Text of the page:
The British summer might be in hiding this year, but I’m sharing this summery (black!) shirt dress in the hope that the sun will make itself known again.

I’ve been looking for the perfect shirt dress pattern for a couple of years now, and just couldn’t seem to find anything that fit the bill. I wanted something with a narrow silhouette, simple lines and without a waist seam. I had the idea that some vaguely military or tailored details would be involved, much like a beloved black shirt dress I had in the late 90s.

Then one day I stumbled across Vogue 8903. Although the colour and the belt on the model shot put me off, when I looked at the pattern details I realised I might have found that elusive shirt dress of my dreams. I went for view B which is the one shown on the model. It features bust darts, fish eye darts at the back, a collar with stand and short sleeves. I left off the belt as I know I’ll never use one. Alternative pattern views have two longer skirt lengths, full length sleeves, sleeve tabs, a collarless option and strange little angular cap sleeves.

What else for a summer dress other than linen?! And I know black isn’t a traditional summer dress colour, but I’m going with what I know works for me. This 100% Black Linen is a true medium weight, and it’s of the most wonderful quality as well as being a real bargain. I don’t know why it’s taken me so long to sew with linen as I’ve always loved wearing it. Okay, there was a pair of self-drafted purple Bermuda shorts I made in a linen cotton blend many years ago, but let’s just say they didn’t turn out too well and leave it at that. Maybe the whole experience subconsciously put me off sewing with linen. Who knows.

Anyway, I reckon I’m going to be making up for lost time now and sewing ALL THE THINGS IN ALL THE LINEN. You have been warned :-)

I prewashed the linen twice on a cotton setting and tumble dried hot both times to ensure any shrinkage happened before cutting out. This turned what felt like a really stiff, unyielding fabric into a much more soft and fluid one. I’m looking forward to seeing how much it softens with repeated wearing and washing.

I used some Medium Weight Woven Interfacing for the collar and pocket flaps, which was perfect for this linen. It’s resulted in a collar that feels just right and keeps its shape without being overly stiff. Marvellous.

My measurements put me in a size 16 but I know from years of experience sewing Vogue patterns that they add in so much ease I generally need to cut two sizes smaller. In this case that was a bit of a gamble as it meant buying the smaller size range packet, which only goes up to a 14. It was even more of a gamble as Vogue only print the finished measurements on the pattern tissue, meaning you can’t check before you buy.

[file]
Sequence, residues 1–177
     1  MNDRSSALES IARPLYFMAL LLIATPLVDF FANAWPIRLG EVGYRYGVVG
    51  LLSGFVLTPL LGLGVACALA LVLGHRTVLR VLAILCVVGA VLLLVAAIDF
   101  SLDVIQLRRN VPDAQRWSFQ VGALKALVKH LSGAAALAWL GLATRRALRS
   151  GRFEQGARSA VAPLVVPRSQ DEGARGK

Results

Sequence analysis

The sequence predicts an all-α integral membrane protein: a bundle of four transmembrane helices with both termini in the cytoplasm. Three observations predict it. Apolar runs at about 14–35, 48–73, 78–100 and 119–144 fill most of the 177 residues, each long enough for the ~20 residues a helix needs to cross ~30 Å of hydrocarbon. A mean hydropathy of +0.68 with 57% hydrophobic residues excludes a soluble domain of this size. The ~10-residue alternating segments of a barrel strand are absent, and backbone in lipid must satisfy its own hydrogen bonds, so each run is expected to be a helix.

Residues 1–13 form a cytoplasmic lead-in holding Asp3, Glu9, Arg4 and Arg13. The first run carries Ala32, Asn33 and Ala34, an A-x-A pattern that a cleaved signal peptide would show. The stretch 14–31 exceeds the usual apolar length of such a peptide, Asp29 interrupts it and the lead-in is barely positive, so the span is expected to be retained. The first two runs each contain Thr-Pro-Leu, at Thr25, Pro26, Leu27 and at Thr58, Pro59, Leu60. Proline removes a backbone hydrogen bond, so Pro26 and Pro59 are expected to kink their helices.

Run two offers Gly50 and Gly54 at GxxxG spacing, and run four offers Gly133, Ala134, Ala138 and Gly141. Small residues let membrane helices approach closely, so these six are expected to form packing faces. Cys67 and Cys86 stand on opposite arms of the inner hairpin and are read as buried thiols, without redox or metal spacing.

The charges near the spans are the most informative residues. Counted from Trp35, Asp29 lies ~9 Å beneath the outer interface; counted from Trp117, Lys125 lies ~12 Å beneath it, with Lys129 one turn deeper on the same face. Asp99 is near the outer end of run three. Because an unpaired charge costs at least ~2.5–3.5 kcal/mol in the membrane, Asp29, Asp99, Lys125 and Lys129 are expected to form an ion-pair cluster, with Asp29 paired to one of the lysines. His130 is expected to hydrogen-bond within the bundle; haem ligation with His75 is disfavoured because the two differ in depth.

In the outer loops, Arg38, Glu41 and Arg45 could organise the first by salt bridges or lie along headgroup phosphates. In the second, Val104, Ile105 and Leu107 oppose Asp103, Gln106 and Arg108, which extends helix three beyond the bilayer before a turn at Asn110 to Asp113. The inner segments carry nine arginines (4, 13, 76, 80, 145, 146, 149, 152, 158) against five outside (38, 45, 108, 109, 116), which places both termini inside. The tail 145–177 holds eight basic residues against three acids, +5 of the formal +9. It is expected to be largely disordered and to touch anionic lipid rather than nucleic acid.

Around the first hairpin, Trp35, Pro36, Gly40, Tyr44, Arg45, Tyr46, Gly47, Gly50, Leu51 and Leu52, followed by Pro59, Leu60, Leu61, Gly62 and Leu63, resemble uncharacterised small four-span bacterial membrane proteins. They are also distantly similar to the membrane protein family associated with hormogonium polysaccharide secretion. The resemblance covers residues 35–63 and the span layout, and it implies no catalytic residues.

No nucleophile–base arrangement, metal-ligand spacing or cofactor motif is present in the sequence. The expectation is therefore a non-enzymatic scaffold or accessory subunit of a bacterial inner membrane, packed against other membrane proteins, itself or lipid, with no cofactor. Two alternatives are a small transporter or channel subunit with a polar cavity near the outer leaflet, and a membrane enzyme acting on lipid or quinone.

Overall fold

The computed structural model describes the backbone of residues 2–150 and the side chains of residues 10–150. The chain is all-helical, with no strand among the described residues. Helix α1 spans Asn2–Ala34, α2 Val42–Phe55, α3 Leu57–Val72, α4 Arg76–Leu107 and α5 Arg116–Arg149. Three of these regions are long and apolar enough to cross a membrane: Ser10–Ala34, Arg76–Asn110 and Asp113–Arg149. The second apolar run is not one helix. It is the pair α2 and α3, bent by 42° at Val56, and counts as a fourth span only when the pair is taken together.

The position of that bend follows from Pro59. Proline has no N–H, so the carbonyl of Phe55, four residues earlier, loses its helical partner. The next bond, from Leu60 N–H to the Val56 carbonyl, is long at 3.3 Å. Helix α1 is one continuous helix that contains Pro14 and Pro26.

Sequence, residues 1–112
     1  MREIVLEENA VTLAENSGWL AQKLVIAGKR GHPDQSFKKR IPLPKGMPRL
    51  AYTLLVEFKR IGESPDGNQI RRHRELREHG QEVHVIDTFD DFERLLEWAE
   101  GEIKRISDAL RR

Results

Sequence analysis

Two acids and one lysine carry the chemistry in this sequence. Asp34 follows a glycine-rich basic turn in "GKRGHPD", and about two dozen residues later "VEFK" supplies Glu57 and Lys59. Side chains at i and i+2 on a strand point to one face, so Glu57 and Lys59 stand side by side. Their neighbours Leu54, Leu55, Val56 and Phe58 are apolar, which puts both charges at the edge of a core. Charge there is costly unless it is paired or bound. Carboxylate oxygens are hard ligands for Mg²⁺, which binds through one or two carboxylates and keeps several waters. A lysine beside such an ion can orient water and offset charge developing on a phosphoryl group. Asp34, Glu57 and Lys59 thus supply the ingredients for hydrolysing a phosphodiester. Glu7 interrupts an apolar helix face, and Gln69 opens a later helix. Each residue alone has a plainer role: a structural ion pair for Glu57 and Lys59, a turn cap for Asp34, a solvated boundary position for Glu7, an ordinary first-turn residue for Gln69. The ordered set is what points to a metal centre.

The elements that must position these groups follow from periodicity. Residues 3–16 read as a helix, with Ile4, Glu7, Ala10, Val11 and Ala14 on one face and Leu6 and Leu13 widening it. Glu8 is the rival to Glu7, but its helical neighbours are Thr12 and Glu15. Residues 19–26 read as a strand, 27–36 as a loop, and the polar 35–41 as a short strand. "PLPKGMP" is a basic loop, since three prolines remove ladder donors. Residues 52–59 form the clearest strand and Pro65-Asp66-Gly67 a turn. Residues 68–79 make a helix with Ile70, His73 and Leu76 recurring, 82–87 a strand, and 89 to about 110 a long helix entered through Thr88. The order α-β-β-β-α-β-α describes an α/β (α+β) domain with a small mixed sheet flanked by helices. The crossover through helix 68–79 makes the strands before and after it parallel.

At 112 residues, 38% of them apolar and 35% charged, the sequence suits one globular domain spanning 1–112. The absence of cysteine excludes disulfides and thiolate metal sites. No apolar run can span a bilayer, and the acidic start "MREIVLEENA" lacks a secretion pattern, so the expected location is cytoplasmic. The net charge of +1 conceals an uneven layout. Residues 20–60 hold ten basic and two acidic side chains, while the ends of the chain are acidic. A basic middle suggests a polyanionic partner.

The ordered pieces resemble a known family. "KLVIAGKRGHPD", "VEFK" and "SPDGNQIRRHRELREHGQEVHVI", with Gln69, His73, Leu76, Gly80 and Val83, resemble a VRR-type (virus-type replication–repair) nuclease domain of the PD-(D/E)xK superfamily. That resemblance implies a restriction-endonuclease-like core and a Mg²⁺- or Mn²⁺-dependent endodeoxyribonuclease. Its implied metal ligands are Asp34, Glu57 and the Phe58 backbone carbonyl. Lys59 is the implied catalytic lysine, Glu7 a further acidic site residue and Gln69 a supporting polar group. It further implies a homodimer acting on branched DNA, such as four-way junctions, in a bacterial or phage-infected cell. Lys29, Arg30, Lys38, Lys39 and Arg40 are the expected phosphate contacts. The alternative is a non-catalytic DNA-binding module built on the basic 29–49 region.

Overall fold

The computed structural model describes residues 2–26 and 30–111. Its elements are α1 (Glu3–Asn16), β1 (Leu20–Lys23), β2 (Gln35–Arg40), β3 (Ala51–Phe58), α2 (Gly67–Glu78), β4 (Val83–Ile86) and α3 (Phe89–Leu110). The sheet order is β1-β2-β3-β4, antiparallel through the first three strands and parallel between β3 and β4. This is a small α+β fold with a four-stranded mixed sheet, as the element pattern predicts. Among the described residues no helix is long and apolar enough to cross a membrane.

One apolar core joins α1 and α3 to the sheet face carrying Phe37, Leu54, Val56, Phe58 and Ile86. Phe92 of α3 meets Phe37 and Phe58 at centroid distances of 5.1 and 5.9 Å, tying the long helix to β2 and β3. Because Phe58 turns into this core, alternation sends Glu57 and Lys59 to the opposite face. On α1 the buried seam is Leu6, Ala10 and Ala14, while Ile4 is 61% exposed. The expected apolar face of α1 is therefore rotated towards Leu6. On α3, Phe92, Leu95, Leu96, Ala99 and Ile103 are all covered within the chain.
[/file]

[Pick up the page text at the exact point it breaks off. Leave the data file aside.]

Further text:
Luckily it turned out that cutting a 12 would give me 1.5” of bust ease and 4.5” of waist ease, which seemed ample to me. Hips were a bit tighter with only 1” of ease so I decided to grade to a size 14 there and get an extra couple of inches there. I have learnt the hard way that I need more ease at the hips! After basting the side seams to check the fit I realised I could do with a smidge more ease at the hips, so I let out an extra 1cm each side which seemed to do the trick. Hooray for wide seam allowances.

I have to admit, I only glanced at the instructions to make sure there were no surprises and then I went and did my own thing. Again, I’ve learnt the hard way that I don’t like inserting collars or sewing yokes the way Vogue tell you to, which seem unnecessarily fiddly and don’t result in a particularly tidy finish. I did a burrito yoke because it’s hands down the best method I’ve tried. I did leave off attaching the pocket flaps until after this, though, as the linen is fairly bulky already and I didn’t fancy having any extra fabric rolled up.

For my collar construction I followed a set of four blog tutorials from Sewaholic (posts onetwothree and four), which set out a completely different method than I’ve used before. There were definitely a lot more steps than in the pattern instructions, but it’s given such an amazing finish with a lovely shape to the collar. Even better, it was definitely easier and didn’t result in cursing and unpicking multiple times like my previous collars have. I recommend this technique to everyone and I’m super proud of my finished collar!

The other area where I went off piste was with the sleeves. Just looking at the pattern piece for the sleeves worried me. There is a really high sleeve cap which means lots of easing in the sleeve, and with this linen I was really worried it might result in a poofy looking sleeve cap. For the record, poofy looking sleeve caps are fine on other people but they look ridiculous on me. The other reason it set alarm bells ringing was I worried I might not get a good enough range of motion with a sleeve fitted like that. For a full and well-illustrated blog post on why this is the case, check out this post on sleeve drafting.